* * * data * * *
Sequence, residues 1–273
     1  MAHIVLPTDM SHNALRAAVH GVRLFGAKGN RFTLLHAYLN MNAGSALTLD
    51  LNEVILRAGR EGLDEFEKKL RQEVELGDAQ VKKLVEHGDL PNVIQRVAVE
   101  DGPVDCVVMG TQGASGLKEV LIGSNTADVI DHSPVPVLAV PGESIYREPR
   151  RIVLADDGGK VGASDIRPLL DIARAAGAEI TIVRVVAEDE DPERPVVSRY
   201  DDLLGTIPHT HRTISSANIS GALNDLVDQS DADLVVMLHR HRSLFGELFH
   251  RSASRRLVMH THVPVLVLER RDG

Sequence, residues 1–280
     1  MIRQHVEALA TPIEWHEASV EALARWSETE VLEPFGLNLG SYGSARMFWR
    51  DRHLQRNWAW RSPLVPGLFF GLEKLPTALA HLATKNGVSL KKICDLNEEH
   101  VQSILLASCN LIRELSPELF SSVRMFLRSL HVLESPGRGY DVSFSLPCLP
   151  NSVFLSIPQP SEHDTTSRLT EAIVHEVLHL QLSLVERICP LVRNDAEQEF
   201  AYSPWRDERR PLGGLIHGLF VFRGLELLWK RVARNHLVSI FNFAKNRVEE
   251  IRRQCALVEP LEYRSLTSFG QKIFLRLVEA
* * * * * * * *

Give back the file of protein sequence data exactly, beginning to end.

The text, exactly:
Sequence, residues 1–273
     1  MAHIVLPTDM SHNALRAAVH GVRLFGAKGN RFTLLHAYLN MNAGSALTLD
    51  LNEVILRAGR EGLDEFEKKL RQEVELGDAQ VKKLVEHGDL PNVIQRVAVE
   101  DGPVDCVVMG TQGASGLKEV LIGSNTADVI DHSPVPVLAV PGESIYREPR
   151  RIVLADDGGK VGASDIRPLL DIARAAGAEI TIVRVVAEDE DPERPVVSRY
   201  DDLLGTIPHT HRTISSANIS GALNDLVDQS DADLVVMLHR HRSLFGELFH
   251  RSASRRLVMH THVPVLVLER RDG

Sequence, residues 1–280
     1  MIRQHVEALA TPIEWHEASV EALARWSETE VLEPFGLNLG SYGSARMFWR
    51  DRHLQRNWAW RSPLVPGLFF GLEKLPTALA HLATKNGVSL KKICDLNEEH
   101  VQSILLASCN LIRELSPELF SSVRMFLRSL HVLESPGRGY DVSFSLPCLP
   151  NSVFLSIPQP SEHDTTSRLT EAIVHEVLHL QLSLVERICP LVRNDAEQEF
   201  AYSPWRDERR PLGGLIHGLF VFRGLELLWK RVARNHLVSI FNFAKNRVEE
   251  IRRQCALVEP LEYRSLTSFG QKIFLRLVEA